We are requesting information from the public regarding whether and how we should change our rules of administrative finality. These rules govern when we can reopen and revise a determination or decision that has become final and is no longer subject to administrative or judicial review. ...
We are considering changing our rules of administrative finality for a variety of reasons:
- We take our responsibility as effective stewards of the trust funds very seriously. Modifying our rules would enable us to take corrective action on more cases, and could decrease the amount of improper payments that we make.
- Our current rules are complex to administer. The fact that our rules under title II and title XVI contain different timeframes for reopening for good cause can result in confusion for our adjudicators and the public, particularly in situations where an individual is concurrently receiving benefits under title II and title XVI of the Act.
- The current rules may prevent us from making changes regardless of the possible outcome for the individual. For example, if an individual presents or we discover new and material evidence after the time period that would allow us to reopen, we cannot take corrective action and revise the determination or decision. Modifying our rules to change certain timeframes for reopening may enable us to take corrective actions on more cases.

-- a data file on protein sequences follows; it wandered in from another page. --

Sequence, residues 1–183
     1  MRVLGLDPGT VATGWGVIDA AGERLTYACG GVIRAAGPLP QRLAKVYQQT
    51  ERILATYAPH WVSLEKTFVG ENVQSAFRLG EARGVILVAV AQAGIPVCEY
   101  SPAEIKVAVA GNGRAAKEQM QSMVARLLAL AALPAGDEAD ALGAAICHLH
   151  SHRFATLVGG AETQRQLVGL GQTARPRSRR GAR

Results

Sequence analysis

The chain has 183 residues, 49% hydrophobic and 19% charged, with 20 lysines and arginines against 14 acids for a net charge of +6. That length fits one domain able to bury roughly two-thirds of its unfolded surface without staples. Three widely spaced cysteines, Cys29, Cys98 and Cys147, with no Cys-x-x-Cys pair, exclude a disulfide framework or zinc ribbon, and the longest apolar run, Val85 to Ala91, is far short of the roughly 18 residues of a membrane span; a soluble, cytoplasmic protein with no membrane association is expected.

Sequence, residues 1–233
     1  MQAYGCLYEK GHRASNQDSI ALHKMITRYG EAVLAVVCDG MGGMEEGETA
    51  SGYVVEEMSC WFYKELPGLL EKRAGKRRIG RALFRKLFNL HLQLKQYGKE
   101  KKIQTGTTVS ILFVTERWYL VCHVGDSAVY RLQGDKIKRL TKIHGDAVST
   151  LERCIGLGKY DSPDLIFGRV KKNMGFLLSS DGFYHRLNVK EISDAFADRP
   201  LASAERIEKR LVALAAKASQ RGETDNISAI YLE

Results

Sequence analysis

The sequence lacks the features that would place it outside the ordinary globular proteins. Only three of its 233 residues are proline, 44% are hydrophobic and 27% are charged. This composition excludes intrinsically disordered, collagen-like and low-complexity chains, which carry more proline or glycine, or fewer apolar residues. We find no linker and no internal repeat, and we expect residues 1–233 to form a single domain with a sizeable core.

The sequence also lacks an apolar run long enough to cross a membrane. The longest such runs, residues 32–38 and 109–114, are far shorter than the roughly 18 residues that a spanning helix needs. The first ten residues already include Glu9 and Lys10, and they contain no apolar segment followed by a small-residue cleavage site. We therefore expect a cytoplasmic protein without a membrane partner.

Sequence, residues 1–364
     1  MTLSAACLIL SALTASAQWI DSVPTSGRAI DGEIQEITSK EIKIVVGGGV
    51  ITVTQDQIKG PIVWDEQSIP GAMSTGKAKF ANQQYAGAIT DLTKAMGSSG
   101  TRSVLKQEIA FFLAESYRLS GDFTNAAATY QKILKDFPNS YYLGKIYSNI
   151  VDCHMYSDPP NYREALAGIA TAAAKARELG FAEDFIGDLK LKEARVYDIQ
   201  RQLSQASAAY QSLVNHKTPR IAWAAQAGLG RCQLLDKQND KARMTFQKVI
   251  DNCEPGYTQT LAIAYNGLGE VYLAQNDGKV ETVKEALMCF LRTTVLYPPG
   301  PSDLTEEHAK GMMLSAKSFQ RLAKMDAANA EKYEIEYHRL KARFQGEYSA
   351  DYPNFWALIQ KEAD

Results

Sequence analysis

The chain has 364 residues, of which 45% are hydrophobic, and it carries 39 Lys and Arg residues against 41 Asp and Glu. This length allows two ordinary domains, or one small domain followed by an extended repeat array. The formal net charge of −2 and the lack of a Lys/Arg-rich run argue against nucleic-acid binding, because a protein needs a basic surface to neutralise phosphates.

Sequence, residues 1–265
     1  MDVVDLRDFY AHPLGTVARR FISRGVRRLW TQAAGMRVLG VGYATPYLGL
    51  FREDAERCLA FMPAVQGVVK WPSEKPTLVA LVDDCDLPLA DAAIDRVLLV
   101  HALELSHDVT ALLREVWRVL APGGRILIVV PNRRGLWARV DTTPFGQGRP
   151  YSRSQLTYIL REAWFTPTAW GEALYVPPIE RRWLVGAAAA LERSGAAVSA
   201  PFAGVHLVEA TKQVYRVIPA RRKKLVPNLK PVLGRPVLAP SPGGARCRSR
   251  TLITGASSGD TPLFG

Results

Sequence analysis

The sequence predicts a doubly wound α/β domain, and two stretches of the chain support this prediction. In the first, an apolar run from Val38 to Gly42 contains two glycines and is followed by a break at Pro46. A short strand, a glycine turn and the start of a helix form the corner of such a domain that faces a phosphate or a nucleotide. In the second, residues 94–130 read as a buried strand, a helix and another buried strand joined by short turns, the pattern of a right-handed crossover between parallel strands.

- The Office of the Inspector General has recommended that we review our rules on administrative finality to find ways that will allow us to correct more erroneous payments.
- Some of our administrative finality rules have not been revised in sixty years. Over the years, there has been an increase in our workloads and the complexity of our programs. Updating the rules would allow us to reflect these changes.
- Finally, modifying our current rules would enable us to streamline and simplify our rules on administrative finality. We believe this would allow us to operate more efficiently in a challenging, limited-resource environment.